April 29, 2005

Global Warming: Something to sneeze at?

Filed under: Health Effects

The April 28, 2005 issue of Nature magazine contains a “News” story headlined “Climate change blamed for rise in hay fever.” It seems that a record number of Japanese are plagued with itchy eyes, runny noses, and annoying sneezes this spring.

Somehow, in yet another “predictable distortion” of global warming, Nature managed to conflate all this snottiness with global warming: “Spare a thought for Japan’s hay-fever sufferers as they endure the highest pollen levels on record this spring. Global warming seems at least partly to blame and most experts agree the worst is yet to come.”

Add 20 more million people to the list of climate change victims? Not so fast. Here is a story that that Nature left behind, from the New York Times.

January 17, 1995
Japan’s Cedar Forests Are Man-Made Disaster

It was a crisp, golden day in the vast forests here, near the base of Mount Fuji, but for Shigejiro Sugiyama a stroll in the country was an encounter with an impending disaster.

He plucked a sprig of cedar and pointed out how the trees were heavy with dense rows of tiny amber buds, the product of a particularly hot, dry summer. They meant that come spring, he and millions of other Japanese are likely to suffer in what experts are saying will be the worst year ever for a malady known in no other country to such a degree: allergic reactions to cedar pollen.

But for Mr. Sugiyama, the real disaster was in the fact that this health problem was caused by what many here describe as short-sighted Government policies, not nature.

The forests in the mountainous region were once verdant swaths of oak, maple and numerous other kinds of broadleaf trees and evergreens. But after World War II, Government bureaucrats applied their aggressive industrial policies to the environment as well as the economy. In the process, they financed the replacement of what they saw as commercially useless natural forests with more economically productive trees.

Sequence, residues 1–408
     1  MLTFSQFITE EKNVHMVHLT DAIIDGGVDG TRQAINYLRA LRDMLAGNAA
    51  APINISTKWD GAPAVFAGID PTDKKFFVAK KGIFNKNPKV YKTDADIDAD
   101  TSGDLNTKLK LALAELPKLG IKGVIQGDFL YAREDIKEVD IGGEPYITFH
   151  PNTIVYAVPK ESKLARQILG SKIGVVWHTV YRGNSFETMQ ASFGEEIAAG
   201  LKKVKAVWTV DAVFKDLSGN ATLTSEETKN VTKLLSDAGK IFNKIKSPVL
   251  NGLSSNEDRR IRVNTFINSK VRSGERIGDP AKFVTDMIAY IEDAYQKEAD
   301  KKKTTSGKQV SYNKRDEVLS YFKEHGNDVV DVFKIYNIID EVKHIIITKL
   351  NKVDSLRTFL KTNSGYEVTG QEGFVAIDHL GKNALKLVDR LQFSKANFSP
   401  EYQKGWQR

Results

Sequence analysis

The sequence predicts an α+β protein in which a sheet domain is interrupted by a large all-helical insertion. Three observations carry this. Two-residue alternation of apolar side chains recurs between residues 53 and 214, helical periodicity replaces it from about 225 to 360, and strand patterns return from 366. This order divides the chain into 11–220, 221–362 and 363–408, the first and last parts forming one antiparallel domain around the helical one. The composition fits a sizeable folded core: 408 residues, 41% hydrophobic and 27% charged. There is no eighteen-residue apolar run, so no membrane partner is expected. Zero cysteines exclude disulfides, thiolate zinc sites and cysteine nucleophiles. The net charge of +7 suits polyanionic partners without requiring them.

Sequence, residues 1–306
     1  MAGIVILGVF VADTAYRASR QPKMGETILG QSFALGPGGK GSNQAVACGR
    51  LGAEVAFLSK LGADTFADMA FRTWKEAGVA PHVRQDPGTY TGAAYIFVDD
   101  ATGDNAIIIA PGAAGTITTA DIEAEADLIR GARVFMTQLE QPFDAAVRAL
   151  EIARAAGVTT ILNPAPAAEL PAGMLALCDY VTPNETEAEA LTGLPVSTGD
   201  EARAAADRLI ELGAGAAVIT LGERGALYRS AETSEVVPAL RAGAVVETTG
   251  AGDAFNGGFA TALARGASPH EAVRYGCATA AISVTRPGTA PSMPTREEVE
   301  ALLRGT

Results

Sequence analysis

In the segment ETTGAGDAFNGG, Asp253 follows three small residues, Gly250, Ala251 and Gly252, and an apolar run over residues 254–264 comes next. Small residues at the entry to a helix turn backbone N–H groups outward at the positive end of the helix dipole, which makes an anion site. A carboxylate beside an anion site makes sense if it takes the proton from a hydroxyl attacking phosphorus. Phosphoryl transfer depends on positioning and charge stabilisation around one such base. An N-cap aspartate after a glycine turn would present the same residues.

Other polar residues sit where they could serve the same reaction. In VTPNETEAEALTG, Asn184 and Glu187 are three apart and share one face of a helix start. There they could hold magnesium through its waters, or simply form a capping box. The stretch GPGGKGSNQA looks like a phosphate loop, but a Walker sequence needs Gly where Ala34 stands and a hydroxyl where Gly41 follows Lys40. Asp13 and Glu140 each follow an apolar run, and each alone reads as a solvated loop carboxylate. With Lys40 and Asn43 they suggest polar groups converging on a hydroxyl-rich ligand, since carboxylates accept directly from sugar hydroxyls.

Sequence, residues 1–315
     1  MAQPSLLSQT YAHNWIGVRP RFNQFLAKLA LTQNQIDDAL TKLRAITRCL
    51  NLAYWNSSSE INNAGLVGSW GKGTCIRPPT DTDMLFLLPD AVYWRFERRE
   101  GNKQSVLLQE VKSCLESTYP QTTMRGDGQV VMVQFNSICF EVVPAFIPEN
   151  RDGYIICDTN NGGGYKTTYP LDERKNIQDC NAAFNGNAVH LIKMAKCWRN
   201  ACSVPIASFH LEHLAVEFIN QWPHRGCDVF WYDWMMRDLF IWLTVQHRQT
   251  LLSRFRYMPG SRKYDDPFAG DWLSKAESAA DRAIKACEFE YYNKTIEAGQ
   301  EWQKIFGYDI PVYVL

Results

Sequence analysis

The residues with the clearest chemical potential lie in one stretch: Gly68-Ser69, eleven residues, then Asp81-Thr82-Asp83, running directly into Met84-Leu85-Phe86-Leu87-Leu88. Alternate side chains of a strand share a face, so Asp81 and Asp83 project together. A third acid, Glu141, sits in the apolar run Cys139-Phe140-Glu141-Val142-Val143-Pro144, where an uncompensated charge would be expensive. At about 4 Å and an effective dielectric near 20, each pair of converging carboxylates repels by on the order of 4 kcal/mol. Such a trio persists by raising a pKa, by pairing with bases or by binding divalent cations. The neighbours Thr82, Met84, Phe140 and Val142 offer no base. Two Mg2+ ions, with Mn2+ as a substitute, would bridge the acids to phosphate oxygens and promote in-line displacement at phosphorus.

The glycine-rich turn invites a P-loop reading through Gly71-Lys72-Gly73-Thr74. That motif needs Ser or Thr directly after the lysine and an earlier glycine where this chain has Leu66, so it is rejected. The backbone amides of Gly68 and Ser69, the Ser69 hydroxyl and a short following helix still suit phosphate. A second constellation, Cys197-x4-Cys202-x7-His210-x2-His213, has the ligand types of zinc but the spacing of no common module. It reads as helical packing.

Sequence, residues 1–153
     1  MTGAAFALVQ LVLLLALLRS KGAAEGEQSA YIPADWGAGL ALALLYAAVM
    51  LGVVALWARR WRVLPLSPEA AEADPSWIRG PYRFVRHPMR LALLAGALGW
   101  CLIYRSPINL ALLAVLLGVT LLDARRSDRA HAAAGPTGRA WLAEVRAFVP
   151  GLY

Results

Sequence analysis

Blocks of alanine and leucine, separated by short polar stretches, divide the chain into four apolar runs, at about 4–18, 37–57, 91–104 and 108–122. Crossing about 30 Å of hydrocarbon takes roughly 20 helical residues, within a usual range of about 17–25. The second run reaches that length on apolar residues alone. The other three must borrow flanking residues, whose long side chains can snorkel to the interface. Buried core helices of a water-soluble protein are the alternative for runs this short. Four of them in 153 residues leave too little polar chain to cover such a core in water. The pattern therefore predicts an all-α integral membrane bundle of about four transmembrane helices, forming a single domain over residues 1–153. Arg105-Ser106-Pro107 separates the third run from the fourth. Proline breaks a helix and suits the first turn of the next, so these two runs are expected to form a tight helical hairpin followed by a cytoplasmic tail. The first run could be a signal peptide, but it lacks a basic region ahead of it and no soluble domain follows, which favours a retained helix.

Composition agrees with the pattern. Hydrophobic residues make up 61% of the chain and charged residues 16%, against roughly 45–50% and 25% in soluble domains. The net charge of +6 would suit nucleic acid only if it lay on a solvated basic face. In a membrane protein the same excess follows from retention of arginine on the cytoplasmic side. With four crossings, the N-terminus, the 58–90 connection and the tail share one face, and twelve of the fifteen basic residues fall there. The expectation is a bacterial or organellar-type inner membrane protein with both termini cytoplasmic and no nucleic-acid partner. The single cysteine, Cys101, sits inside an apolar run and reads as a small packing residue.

For the most part, this extraordinary experiment in environmental engineering has involved planting a single species, the Japanese cedar, because of the usefulness of its wood and the speed of its growth. As a result, Japan now has the largest tracts of cedar on earth, with this scenic region around Mount Fuji, long regarded as a symbol of the nation, among the most densely planted.

The aim was to make the country self-sufficient in wood products, but the widespread sensitivities to cedar pollen are just one indication of how this single-minded strategy has gone awry. It is becoming increasingly apparent experts say, that the superabundance of a single species of tree is threatening wildlife, causing heavy soil erosion, reducing the water table and creating the potential for disastrous landslides….

The Japanese cedar, or sugi, has been here for tens of thousands of years, but it was only after the intensive planting began that allergic reactions emerged.

The Times story goes on for another 1000 words or so describing how the vast cedar plantations have now matured, but that there are no longer any economic incentives to harvest the trees because, while the Japanese were waiting for them to grow, they found that lumber could be exported from other markets, such as Southeast Asia, for much cheaper that it would cost to process the home-grown cedar forests. So now, the Japanese are left with vast expanses of mature, pollen-producing cedar forests and their immune systems are left suffering the consequences.

Big government programs, vast monospecies forests, improper management, maturing trees, changing economies, but not one single mention of global warming in the entire article!

To be fair, Nature did devote one paragraph of its 10-paragraph story to the possibility that Japan’s forestry practices “may be to blame.” But, no doubt, had this been identified as the primary cause, the story would never have run. Clearly, it is Nature’s intention to push its agenda that global warming from fossil fuel usage must be controlled, and it will go to any length to create scare stories to support that agenda.

References:

Michaels, P.J., 2004. Meltdown: The Predictable Distortion of Global Warming by Scientists, Politicians, and the Media. Cato Books, Washington DC. 272pp.

Sterngold, James, 1995. Japan’s cedar forests are man-made disaster. New York Times, January, 17, 1995.

Williams, Rachael, 2005. Climate changes blamed for rise in hay fever. Nature, 434, 1059.




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